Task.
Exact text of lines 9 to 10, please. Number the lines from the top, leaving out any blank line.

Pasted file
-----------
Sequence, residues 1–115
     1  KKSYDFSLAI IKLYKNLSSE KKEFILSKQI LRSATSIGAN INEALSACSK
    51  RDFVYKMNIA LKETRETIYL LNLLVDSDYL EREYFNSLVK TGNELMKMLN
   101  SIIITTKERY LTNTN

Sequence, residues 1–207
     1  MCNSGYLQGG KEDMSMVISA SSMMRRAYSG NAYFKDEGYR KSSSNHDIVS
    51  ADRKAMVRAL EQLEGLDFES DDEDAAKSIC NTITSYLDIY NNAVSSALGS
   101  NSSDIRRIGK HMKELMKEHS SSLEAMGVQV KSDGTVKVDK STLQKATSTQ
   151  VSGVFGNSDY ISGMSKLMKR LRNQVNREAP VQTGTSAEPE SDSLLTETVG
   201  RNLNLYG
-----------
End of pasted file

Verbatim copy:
   151  VSGVFGNSDY ISGMSKLMKR LRNQVNREAP VQTGTSAEPE SDSLLTETVG
   201  RNLNLYG